Malwarebytes uncovers malware double header
Java exploit delivers double dose of malware in first of its kind attack.
Malwarebytes security researchers claim to have discovered a new type of Java exploit kit that delivers two malwares in one attack a move they have dubbed "the split".
The Redkit exploit kit, which exploits Java vulnerabilities, was first detected in the wild in 2012.
Meanwhile, anti-virus vendor McAfee said in January that it was increasing in popularity and prevalence, but Malwarebytes now claims this is the first time it or any other exploit kit has been seen delivering two malicious codes at once.
We can expect several different malware samples within the payload, but there is a critical mass
Jerome Segura, senior security researcher at Malwarebytes, who has detailed in a blog post how the split' Redkit exploit kit was discovered, told IT Pro this technique is likely to become more popular.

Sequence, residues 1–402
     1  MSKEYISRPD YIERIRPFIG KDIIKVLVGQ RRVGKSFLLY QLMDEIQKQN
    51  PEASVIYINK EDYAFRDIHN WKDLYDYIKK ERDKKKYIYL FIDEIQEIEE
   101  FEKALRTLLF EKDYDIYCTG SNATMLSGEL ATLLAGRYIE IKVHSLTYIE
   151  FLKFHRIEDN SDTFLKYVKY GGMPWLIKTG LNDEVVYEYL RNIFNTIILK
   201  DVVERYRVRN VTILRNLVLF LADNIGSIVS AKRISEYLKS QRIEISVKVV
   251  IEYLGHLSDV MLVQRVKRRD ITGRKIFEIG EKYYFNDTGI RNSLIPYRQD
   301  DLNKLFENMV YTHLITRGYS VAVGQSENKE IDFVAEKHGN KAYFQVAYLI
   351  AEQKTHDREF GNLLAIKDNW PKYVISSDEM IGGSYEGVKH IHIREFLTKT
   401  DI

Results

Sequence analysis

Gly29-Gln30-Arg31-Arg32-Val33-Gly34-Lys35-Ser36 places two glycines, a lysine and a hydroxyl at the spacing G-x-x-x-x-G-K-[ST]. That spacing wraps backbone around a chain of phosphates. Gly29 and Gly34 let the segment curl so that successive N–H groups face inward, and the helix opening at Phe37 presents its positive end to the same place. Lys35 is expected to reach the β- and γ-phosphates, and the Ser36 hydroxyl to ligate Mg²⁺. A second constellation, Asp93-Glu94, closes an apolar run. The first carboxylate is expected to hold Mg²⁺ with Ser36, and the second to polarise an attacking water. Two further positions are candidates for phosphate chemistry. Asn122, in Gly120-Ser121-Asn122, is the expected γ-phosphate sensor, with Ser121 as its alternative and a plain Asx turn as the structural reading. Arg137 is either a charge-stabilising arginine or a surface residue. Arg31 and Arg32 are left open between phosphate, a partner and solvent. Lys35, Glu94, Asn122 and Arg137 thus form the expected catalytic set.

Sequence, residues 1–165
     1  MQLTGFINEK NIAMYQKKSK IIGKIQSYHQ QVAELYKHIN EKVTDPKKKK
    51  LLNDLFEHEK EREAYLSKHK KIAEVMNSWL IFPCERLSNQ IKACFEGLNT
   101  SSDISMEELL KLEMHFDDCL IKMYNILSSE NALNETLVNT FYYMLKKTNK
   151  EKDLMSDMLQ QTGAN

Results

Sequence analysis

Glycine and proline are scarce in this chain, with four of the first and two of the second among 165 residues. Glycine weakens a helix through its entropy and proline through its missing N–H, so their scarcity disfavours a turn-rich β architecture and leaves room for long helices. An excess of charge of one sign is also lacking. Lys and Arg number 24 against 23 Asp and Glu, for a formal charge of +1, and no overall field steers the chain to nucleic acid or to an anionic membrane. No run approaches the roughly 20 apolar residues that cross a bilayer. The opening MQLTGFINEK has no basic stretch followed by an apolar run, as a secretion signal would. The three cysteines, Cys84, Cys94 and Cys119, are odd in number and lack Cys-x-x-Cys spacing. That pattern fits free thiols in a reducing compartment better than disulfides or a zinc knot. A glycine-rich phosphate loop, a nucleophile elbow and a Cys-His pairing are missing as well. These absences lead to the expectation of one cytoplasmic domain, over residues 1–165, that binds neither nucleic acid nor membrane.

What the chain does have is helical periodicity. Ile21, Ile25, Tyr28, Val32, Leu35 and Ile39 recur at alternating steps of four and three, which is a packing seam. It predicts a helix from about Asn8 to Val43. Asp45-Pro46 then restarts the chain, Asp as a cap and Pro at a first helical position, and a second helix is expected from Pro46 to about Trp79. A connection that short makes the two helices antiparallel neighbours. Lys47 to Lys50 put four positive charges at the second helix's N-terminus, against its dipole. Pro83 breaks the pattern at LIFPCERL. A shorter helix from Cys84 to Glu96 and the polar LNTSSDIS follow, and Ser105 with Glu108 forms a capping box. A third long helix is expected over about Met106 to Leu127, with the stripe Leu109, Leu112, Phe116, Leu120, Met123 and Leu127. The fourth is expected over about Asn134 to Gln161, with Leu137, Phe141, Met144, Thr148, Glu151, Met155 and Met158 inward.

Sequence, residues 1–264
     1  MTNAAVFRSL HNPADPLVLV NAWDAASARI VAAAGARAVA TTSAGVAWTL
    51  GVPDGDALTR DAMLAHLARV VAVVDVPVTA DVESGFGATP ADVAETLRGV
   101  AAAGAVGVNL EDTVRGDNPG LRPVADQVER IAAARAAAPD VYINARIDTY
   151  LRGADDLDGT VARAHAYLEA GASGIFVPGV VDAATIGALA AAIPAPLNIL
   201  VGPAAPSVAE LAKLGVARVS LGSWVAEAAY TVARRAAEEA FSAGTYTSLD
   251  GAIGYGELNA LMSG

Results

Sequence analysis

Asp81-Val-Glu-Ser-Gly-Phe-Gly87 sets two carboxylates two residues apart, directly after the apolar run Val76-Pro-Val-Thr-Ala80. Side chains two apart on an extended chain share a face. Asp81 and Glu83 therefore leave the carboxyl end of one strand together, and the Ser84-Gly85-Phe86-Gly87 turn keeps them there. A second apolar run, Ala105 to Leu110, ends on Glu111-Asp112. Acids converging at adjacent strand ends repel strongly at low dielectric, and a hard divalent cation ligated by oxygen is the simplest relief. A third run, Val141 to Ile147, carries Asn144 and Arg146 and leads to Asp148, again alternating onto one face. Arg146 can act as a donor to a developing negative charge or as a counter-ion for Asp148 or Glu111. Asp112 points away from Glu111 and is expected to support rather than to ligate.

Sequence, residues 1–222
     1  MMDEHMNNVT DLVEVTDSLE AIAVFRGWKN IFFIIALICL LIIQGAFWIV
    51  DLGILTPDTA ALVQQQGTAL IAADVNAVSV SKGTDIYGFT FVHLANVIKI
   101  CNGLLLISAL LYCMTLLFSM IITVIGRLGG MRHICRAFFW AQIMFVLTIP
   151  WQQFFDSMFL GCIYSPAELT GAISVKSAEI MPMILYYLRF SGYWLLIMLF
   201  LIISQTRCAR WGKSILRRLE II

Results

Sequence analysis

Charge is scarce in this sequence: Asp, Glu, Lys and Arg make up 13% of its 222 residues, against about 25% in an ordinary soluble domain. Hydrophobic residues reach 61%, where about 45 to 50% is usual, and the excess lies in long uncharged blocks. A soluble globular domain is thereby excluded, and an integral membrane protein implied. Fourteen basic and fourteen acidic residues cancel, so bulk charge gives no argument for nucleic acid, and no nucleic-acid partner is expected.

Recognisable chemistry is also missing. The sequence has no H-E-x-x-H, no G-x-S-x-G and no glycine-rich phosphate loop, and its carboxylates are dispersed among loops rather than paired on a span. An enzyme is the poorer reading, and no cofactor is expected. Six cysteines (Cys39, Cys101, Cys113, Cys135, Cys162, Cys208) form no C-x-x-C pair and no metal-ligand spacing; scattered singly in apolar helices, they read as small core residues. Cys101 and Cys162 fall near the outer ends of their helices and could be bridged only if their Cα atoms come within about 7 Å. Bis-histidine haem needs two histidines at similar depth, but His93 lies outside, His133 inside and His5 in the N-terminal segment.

"Since I started detecting this trick, I am seeing it a lot more within packet captures. For now it is still only part of the Redkit exploit kit, but it is just a matter of time before someone else copies it," Segura said.
Segura also explained that while in theory this type of split' exploit kit could contain any number of malware files, there is a limit to how many can be wrapped together before it starts to cause problems for the kit itself.
"We can expect several different malware samples within the payload, but there is a critical mass. Too many samples could start conflicting with one another and also attract attention," he claimed.
While Segura believes it is likely exploit kits will continue primarily to drop the most effective malware currently on the cyber crime market, this bundling of two or more malwares together may be used by exploit kit operators as a sideline to their main business.
"I wouldn't be surprised to see some custom type of malware, very stealth and which gets activated later on. That way the exploit kit operator can still make his money in the short term without raising suspicions from his clients' for whom he bundled ransomware, for example, while at the same time taking his share and saving it for later," Segura concluded.
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